Mitchell (1975) (part 2 of 8)

Later that day, we pan across Cummings’ house and find Mitchell sitting in a car with another cop named Tyzack. Tyzack gives a long-winded, semi-coherent explanation of why Mitchell has to watch Cummings, which has something to do with a stolen shipment of heroin coming in from Mexico. He warns Mitchell that “Leaning on Cummings is no joke, my friend. No one leans on Cummings, ’cause he stamps on people! And he’s got a big shoe!” Wow, prime Tough Cop talk!

Mitchell wants to know if the other cop would call this a “good assignment” but Tyzack says the Chief is just “quietly shipping you out of the way.” Mitchell says this makes him all the more determined to get both Cummings and Deaney, but the other cop says he probably won’t get either. Mitchell responds with something I can’t even make out. It may not be “Manos” quality, but the sound on this movie is quite poor, making the plot even more incomprehensible than it was already.

Mitchell gets out of the car and gets into another one that has conveniently been pre-parked at the stakeout location. Right on cue, Cummings’ car pulls into the driveway. Mitchell immediately runs up, huffing and puffing like he’s just seconds away from a heart attack. He flashes an ID card [?] and says he wants to talk to Cummings. Now, correct me if I’m wrong, but isn’t the whole point of a stakeout that the criminals don’t know the cops are there?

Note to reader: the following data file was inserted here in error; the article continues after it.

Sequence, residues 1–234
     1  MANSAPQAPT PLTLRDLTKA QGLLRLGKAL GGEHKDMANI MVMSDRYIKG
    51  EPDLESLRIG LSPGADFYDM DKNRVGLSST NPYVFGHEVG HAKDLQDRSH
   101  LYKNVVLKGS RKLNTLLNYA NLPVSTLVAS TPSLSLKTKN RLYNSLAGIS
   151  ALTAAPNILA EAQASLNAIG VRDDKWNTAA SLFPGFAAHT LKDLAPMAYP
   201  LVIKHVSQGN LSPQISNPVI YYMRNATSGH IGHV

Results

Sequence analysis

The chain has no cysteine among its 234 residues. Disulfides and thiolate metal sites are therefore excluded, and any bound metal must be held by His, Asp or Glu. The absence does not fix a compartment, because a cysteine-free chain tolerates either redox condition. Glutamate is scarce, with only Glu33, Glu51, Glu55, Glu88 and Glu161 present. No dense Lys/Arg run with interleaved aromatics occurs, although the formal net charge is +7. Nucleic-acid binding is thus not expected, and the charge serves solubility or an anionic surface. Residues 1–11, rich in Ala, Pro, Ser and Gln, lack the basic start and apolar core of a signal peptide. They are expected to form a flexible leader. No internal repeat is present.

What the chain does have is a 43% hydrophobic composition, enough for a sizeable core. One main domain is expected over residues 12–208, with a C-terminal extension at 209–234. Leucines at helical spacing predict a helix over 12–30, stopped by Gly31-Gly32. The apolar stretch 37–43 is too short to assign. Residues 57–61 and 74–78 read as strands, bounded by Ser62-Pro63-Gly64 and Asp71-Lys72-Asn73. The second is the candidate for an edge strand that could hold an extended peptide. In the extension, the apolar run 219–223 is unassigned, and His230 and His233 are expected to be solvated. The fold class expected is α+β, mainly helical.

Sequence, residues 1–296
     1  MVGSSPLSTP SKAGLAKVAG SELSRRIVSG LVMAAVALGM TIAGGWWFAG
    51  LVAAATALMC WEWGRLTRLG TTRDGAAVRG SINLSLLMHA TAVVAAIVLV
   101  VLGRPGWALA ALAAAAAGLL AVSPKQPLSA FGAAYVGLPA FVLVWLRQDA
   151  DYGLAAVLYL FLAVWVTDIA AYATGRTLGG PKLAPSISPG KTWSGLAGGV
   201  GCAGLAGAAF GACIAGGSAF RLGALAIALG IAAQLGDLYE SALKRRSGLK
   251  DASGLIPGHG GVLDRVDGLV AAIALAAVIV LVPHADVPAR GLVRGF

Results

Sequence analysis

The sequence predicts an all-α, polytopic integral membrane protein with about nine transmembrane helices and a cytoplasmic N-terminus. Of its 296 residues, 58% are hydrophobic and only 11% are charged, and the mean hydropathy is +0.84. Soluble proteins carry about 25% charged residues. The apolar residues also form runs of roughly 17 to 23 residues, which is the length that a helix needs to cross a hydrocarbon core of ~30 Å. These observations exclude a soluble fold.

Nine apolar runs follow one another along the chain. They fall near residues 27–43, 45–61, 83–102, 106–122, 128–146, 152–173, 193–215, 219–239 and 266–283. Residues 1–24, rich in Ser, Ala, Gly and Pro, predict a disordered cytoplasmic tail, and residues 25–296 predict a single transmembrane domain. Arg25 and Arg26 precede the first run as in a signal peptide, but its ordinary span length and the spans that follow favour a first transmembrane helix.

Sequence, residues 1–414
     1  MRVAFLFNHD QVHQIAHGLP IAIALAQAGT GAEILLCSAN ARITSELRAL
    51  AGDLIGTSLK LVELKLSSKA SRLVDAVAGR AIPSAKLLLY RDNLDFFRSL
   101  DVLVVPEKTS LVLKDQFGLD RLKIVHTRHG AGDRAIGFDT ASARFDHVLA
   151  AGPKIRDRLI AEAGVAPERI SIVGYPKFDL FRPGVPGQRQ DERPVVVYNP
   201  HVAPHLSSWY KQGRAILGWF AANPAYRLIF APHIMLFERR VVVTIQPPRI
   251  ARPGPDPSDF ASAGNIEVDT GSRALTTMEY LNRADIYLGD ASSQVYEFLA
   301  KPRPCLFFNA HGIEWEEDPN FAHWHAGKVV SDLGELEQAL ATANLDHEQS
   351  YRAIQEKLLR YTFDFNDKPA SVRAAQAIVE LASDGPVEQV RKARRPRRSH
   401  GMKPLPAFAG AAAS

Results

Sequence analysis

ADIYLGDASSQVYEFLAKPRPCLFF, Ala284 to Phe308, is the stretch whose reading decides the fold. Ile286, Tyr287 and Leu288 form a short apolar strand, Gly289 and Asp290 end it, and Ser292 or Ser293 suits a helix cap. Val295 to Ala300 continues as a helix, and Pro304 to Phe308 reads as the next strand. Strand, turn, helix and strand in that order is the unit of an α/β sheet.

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Cummings proves to be played by our resident Embarrassed Actor™, Martin Balsam. Some of his better roles include the police chief in the original Cape Fear and Juror One in 12 Angry Men. Slightly less embarrassed is his henchman Benton, who’s played by former pro footballer and floral spokesman Merlin Olsen.

Cummings brushes off Mitchell by saying that something that sounds like “penance” isn’t due for a month, and Benton points at Mitchell and says, “No salesmen at this entrance!” [?] Disheartened, Mitchell wanders back to his car and lights a cigarette, but his lighter goes up like a torch and nearly burns his face off. Get used to the wacky antics of Mitchell in his car, because they’re not stopping any time soon.

Mitchell (1975) (part 2 of 8)

“If you call me Father Murphy, I’m kickin’ your ass.”

Some time later, Benton watches as Mitchell empties his ashtray out in the street. This does little to make us like Mitchell. Benton tells his boss Cummings about this, so Cummings goes down to Mitchell’s car.